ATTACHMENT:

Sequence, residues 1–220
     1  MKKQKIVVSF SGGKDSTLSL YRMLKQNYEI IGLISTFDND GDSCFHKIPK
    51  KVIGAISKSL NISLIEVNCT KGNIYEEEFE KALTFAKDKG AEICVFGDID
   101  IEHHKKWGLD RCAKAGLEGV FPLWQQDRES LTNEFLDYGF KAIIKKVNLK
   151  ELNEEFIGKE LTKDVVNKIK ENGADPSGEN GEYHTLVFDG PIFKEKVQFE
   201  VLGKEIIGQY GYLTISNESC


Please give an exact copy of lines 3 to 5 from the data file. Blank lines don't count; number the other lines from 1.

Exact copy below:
    51  KVIGAISKSL NISLIEVNCT KGNIYEEEFE KALTFAKDKG AEICVFGDID
   101  IEHHKKWGLD RCAKAGLEGV FPLWQQDRES LTNEFLDYGF KAIIKKVNLK
   151  ELNEEFIGKE LTKDVVNKIK ENGADPSGEN GEYHTLVFDG PIFKEKVQFE